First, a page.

Tag Archives: theory

Stabilizing Collectives in the Study of Transformation: Instead of “key-individuals”

This deserves perhaps an even longer blog post, but I wrote this quickly as an appreciation to the previous blog by Juan Carlos Rocha.

The previous blog post puts focus on a quite problematic nexus within social-ecological studies, and management theory more generally: the focus on “key-individuals”, “leaders”, and “institutional or social entrepreneurs” to explain change and ‘transformation’. In my new chapter on “Transformative Collective Action” (Ernstson, 2011a; see blog post here) I review some of that literature and conclude that such constructs can create an analytical trap, or blindness, since these constructs provides the analyst a too easy way out for explaining change; ‘key-individuals’ tend to step out on the scene like ready-made ‘magic boxes’ to put things right, very much like a deus ex machina in Greek or Brechtian dramas, who suddenly solves intractable problems.

To take research beyond key-individuals on one hand, and external/structural factors (equally ready-made) on the other, seems crucial to me. The references put forward by Duncan Watts in Juan’s post are highly useful here (LeBon, Tolstoy, Berlin), as are the search for mechanisms like those Jon Norberg studies through the clean world of agent-based model experiments.

However, what is also badly needed in the field of resilience and social-ecological studies are more empirical work, and more theoretical constructs, frameworks and registers that allow us to appreciate the often messy but profoundly collective nature of transformative or revolutionary change. (These ways of doing research should also acknowledge that change processes will be quite different from place to place.) To study such change must necessarily be more than just dividing a process into ‘phases’, looking for ‘windows of opportunity’, and plug in certain individuals in the account who can ‘seize’ these windows and usher in a new way of doing things.

To the particular tedious task of doing empirical studies of transformations, there are probably various ways. So far, in my own work, I have especially built on social movement theory, a field that par excellence has studied transformative and revolutionary change. Here social movement scholar Mario Diani has showed how to use social network analysis to understand “network-level mechanisms”, which I view as:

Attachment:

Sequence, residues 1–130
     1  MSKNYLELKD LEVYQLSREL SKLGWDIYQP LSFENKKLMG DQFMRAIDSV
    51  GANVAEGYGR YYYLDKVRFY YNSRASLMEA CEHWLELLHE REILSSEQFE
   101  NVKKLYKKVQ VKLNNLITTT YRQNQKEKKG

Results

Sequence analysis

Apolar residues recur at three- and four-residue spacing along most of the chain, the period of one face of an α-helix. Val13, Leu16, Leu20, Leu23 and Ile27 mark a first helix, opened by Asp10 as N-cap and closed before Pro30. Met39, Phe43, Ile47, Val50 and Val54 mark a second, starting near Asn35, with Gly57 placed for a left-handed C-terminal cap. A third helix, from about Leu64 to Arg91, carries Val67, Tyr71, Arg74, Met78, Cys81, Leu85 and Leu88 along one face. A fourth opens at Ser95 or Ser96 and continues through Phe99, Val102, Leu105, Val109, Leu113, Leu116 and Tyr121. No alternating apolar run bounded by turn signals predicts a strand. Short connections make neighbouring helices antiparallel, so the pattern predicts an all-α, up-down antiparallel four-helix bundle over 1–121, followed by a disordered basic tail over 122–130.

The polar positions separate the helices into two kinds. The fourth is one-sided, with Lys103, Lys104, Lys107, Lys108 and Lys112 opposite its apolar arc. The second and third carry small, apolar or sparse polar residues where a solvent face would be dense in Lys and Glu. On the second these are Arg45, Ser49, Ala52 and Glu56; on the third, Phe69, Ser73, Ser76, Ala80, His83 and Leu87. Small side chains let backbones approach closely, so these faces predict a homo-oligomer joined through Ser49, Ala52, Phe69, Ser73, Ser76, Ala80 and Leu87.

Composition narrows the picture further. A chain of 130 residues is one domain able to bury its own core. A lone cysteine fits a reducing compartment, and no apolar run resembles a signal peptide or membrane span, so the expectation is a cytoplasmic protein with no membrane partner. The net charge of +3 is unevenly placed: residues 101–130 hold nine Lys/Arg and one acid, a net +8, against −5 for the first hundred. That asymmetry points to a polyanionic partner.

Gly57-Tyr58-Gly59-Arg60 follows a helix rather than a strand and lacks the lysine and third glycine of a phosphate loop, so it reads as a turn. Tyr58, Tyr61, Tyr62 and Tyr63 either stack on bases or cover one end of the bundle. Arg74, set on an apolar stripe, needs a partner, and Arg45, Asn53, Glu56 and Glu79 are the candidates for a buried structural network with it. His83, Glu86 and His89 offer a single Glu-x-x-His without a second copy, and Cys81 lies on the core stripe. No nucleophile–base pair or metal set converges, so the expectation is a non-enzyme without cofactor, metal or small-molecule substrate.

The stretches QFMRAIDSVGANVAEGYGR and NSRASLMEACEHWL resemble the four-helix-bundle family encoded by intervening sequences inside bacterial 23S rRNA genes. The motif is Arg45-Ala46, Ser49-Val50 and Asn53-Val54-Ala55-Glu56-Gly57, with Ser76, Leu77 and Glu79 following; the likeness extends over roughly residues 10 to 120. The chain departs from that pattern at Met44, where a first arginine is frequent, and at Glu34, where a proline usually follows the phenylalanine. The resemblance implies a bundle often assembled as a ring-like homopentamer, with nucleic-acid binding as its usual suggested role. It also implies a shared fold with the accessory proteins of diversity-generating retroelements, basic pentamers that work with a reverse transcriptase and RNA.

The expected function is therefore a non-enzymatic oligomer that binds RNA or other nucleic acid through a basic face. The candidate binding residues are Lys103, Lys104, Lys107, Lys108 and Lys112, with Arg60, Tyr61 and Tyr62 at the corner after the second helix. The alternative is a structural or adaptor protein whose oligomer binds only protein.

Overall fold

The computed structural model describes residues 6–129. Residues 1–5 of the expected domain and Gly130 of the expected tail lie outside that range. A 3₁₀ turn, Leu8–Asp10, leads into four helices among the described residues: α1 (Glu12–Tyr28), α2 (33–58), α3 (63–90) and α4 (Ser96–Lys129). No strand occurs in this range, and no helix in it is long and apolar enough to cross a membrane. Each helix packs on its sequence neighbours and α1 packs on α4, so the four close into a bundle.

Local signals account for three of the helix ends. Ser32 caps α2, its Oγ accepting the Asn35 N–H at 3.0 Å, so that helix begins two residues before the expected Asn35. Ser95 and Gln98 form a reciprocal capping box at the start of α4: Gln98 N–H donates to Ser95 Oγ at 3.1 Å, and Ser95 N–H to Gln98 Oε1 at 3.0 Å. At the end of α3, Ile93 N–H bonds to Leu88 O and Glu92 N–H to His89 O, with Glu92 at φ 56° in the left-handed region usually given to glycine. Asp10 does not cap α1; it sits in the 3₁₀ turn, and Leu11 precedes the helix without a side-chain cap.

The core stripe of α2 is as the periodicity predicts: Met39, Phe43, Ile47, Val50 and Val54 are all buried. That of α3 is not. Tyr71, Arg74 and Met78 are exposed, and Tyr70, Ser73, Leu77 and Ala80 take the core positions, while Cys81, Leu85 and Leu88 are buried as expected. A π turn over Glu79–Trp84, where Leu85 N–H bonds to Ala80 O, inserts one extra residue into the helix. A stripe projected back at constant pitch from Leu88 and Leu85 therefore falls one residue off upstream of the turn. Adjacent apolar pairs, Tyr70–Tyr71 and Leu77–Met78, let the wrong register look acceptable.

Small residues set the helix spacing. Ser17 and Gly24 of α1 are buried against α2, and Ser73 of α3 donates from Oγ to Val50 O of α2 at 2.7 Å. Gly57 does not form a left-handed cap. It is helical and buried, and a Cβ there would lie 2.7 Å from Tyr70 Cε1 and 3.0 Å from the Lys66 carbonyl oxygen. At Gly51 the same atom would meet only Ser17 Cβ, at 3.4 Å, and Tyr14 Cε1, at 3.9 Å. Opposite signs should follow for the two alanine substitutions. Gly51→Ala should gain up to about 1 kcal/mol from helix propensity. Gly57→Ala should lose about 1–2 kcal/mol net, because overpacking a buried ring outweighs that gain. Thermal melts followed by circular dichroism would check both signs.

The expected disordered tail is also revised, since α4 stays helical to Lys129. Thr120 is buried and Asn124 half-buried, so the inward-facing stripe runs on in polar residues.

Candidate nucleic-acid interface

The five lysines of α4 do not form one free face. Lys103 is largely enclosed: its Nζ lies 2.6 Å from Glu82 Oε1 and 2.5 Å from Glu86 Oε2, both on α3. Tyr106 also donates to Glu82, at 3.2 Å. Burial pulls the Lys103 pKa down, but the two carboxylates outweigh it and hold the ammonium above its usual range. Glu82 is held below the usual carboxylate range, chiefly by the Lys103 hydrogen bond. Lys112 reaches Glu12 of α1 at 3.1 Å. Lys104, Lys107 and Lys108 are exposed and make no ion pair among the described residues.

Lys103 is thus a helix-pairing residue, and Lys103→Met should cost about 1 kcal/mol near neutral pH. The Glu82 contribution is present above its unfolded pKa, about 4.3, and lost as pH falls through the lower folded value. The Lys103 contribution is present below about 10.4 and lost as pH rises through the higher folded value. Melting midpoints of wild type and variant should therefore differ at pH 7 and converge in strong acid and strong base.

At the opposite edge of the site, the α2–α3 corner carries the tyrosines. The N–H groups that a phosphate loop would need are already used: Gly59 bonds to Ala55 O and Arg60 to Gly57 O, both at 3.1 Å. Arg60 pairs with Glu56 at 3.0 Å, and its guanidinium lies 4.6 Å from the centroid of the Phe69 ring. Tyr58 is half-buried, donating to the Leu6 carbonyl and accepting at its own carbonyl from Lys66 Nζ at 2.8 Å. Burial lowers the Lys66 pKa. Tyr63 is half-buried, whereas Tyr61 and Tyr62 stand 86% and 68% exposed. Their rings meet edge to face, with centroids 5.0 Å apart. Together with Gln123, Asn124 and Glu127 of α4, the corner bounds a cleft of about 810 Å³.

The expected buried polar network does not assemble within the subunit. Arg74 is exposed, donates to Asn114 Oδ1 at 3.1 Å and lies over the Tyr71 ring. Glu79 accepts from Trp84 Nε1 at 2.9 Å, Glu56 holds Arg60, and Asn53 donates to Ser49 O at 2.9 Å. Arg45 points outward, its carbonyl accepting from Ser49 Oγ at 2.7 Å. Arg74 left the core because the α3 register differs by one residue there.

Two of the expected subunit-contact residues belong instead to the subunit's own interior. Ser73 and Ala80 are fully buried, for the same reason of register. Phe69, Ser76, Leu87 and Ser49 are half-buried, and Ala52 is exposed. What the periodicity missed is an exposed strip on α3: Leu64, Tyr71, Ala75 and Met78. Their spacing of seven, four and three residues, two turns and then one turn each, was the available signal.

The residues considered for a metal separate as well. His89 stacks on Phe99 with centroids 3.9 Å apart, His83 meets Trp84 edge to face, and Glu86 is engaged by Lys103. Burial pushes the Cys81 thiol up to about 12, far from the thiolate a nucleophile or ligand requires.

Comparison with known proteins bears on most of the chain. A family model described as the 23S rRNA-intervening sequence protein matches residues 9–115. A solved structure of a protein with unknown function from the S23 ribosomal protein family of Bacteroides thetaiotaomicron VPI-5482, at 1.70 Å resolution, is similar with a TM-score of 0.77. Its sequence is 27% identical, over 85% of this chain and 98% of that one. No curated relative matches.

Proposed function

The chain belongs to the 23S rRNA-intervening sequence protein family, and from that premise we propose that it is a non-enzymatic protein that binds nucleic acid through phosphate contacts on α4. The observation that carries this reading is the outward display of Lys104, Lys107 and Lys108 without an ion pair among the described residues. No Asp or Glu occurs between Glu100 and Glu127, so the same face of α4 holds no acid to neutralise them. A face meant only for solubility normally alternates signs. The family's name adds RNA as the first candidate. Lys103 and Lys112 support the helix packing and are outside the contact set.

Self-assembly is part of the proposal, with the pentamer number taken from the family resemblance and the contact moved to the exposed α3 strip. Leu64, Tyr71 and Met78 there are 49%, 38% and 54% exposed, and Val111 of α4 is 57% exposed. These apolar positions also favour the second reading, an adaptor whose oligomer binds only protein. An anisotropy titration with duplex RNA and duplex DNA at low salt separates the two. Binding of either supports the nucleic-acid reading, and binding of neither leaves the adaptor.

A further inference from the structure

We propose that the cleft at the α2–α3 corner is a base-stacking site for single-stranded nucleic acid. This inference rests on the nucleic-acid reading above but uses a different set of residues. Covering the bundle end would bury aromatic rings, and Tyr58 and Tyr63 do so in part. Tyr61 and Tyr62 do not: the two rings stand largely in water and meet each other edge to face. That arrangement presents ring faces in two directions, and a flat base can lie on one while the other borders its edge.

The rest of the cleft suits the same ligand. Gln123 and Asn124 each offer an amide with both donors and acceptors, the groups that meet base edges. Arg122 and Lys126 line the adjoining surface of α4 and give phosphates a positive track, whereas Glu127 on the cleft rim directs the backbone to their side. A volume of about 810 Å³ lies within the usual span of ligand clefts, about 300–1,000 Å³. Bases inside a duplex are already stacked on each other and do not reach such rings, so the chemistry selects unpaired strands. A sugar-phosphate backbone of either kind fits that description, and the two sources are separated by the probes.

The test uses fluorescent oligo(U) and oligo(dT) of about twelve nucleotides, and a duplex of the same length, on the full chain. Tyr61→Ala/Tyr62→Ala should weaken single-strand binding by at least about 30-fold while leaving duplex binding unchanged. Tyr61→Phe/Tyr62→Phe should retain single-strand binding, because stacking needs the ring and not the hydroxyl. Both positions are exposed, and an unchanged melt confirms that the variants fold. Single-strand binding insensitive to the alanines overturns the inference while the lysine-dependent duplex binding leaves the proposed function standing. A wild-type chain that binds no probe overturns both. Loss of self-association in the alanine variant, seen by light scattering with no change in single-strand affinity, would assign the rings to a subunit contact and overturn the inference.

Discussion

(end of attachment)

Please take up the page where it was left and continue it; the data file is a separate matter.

“social actions made possible through, and emerging from, the patterns of relations between mobilizing actors, and thus dependent on the full structure of the social network, and not just the local surrounding of single actors” (Ernstson 2011, p. 258).

Another important Italian is Alberto Melucci, who used a constructionist and cultural approach to collective action, emphasizing that collective action needs to be constructed and that ‘structural’ or external factors are not enough to explain change since a practice of engagement is needed to translate ‘structural/external’ factors into tangible action. He also emphasized that collective action necessarily also produces or constructs new ways of knowing, thus necessarily upsetting and challenging dominating ways of knowing (and one needs to account for how such knowledge is constructed in and through collective action).

Thirdly, I have been drawing on scholars like Jonathan Murdoch, Bruno Latour, John Law and Annmarie Mol who use post-structuralist geography and actor-network theory (ANT). This body of scholarship decenters the human subject in studying change, and thus “reassembles the social” (Latour, 2005) so as to allow also non-humans to be part in constructing/producing collective action. This makes it possible as an analyst to stabilize accounts of ‘distributed agency’, where the ability for change resides among people and things, which together come to make up quite heterogeneous collectives. For instance, in my case study here in Cape Town (Ernstson 2011), certain plants seem to participate in modes of empowerment, and play an important role in stabilizing collectives that can carry action across space and time. For the Occupy Movement, tents, streets, squares and Internet seems key but exactly how these things are enrolled into a stabilization of collective action needs ethnographic engagement. Importantly however, careful analysis of such heterogeneous collectives can come to also show how alternative ways of knowing and becoming are produced in and through the same collectives that carry or produce action, and thus such analysis lends itself to study how collective action engages the world in epistemological and ontological politics. The latter seems key in any transformation worthy the name.

This was just a short burst in response to Juan’s interesting blog post. If anybody has more ideas on this, tips on empirical studies or theoretical treatise in the area of social-ecological studies that relates to this, please make contact, or post comments, as usual.